Jerome and the Monastic Clergy: A Commentary on Letter 52 to by Andrew Cain

By Andrew Cain

In 'Jerome and the Monastic Clergy,' Andrew Cain offers the 1st full-scale remark at the recognized Letter to Nepotian, during which Jerome articulates his radical plan for implementing a strict ascetic code of behavior at the modern clergy. Cain comprehensively addresses stylistic, literary, ancient, text-critical and different problems with interpretive curiosity. Accompanying the remark is an advent which situates the Letter within the broader context of its author’s existence and paintings and exposes its basic propagandistic dimensions. The revised severe Latin textual content and the hot facing-page translation will make the Letter extra available than ever earlier than and should offer a competent textual equipment for destiny scholarship in this key writing by means of probably the most prolific authors in Latin antiquity.

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Extra resources for Jerome and the Monastic Clergy: A Commentary on Letter 52 to Nepotian, with Introduction, Text, and Translation

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Interpreting the Bible in Late Antiquity: The Alexandrian Commentary Tradition from Rome to Baghdad (Aldershot, 2011), 91–110 A. Cain, “The Style of the Greek Historia monachorum in Aegypto”, REAug 58 (2012), in press A. Cain, Jerome’s Epitaph on Paula: A Commentary on the Epitaphium Sanctae Paulae, with an Introduction, Text, and Translation (Oxford, 2013) A. Cain, “Terence in Late Antiquity”, in A. Augoustakis and A. ), The Blackwell Companion to Terence (Oxford, 2013), in press A. Cain and N.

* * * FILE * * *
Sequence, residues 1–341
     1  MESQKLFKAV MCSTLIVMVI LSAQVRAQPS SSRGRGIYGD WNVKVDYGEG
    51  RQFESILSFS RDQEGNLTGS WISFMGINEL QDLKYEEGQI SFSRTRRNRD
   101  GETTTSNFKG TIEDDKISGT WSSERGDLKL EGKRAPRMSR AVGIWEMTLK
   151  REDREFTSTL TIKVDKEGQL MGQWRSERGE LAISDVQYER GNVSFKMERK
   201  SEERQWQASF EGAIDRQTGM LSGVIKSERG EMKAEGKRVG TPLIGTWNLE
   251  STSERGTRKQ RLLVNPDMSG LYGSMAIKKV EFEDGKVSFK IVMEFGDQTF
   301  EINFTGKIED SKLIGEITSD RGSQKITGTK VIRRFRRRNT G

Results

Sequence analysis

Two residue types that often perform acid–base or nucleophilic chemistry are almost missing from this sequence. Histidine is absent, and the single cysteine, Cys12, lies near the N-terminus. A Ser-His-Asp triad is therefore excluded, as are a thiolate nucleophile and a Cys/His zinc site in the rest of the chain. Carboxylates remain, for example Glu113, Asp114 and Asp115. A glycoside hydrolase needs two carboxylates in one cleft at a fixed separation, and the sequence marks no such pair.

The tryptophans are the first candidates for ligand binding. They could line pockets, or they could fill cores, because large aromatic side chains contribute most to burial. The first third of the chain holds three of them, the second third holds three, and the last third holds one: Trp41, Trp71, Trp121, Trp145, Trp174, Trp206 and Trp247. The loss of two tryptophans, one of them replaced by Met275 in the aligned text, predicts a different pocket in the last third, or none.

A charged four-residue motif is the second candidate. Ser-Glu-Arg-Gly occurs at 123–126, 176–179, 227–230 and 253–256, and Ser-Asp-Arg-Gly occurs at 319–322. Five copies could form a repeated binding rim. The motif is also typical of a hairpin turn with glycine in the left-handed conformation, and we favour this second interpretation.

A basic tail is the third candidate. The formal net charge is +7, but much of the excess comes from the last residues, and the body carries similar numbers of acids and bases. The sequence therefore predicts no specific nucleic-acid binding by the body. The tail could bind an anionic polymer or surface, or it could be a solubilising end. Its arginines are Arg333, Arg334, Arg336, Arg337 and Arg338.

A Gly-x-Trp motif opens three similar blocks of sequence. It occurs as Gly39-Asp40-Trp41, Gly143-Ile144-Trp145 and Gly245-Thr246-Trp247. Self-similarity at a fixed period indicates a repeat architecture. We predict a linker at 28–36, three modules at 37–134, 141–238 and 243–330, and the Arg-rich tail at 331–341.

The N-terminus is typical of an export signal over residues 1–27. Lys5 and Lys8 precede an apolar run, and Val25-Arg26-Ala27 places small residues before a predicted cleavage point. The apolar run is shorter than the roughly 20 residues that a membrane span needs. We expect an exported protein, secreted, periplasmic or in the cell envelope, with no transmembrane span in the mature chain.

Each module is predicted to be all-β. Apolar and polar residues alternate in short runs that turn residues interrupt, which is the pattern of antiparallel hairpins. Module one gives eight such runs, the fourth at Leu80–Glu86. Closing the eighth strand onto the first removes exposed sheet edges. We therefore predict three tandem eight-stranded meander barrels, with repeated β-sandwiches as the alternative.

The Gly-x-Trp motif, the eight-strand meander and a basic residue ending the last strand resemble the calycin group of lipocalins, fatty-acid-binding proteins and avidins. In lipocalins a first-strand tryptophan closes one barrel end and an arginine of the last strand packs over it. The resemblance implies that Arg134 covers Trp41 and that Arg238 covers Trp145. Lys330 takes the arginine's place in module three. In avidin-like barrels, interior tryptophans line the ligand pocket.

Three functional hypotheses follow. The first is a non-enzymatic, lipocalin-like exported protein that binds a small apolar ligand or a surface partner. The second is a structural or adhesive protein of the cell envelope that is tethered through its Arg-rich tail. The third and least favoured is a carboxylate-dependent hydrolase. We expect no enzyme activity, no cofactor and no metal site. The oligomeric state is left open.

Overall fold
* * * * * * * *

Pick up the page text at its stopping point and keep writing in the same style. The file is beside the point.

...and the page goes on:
Sed et nostra qualiacumque sunt suscipe et libellum hunc libello illius copulato ut cum ille te monachum erudierit, hic clericum doceat esse perfectum. 5 (1) igitur clericus, qui Christi servit ecclesiae, interpretetur primum vocabulum suum et nominis definitione praelata nitatur esse quod dicitur. si enim κλῆρος Graece ‘sors’ Latine appellatur, propterea vocantur clerici vel quia de sorte sunt domini vel quia dominus ipse sors, id est pars, clericorum est. qui autem vel ipse pars domini vel dominum partem habet, talem se exhibere debet ut et possideat dominum et ipse possideatur a domino.

75 See A. Cain, “Patrick’s Confessio and Jerome’s Epistula 52 to Nepotian,” JML 20 (2010): 1–15. 2 sorbitiunculas delicatas. C. Plumpe, “Pomeriana,” VChr 1 (1947): 227–239; C. Tibiletti, “La teologia della grazia in Giuliano Pomerio,” Augustinianum 25 (1985): 489–506. 1 rectum Christi tramitem teneat ne ad diversa vitiorum diverticula rapiatur. Cf. Verecundus, In cant. Deuteronomii 21 non videns ubi itineris recti tramitem consequatur, per omnes vias errorum vitiorumque diverticula pertrahetur.

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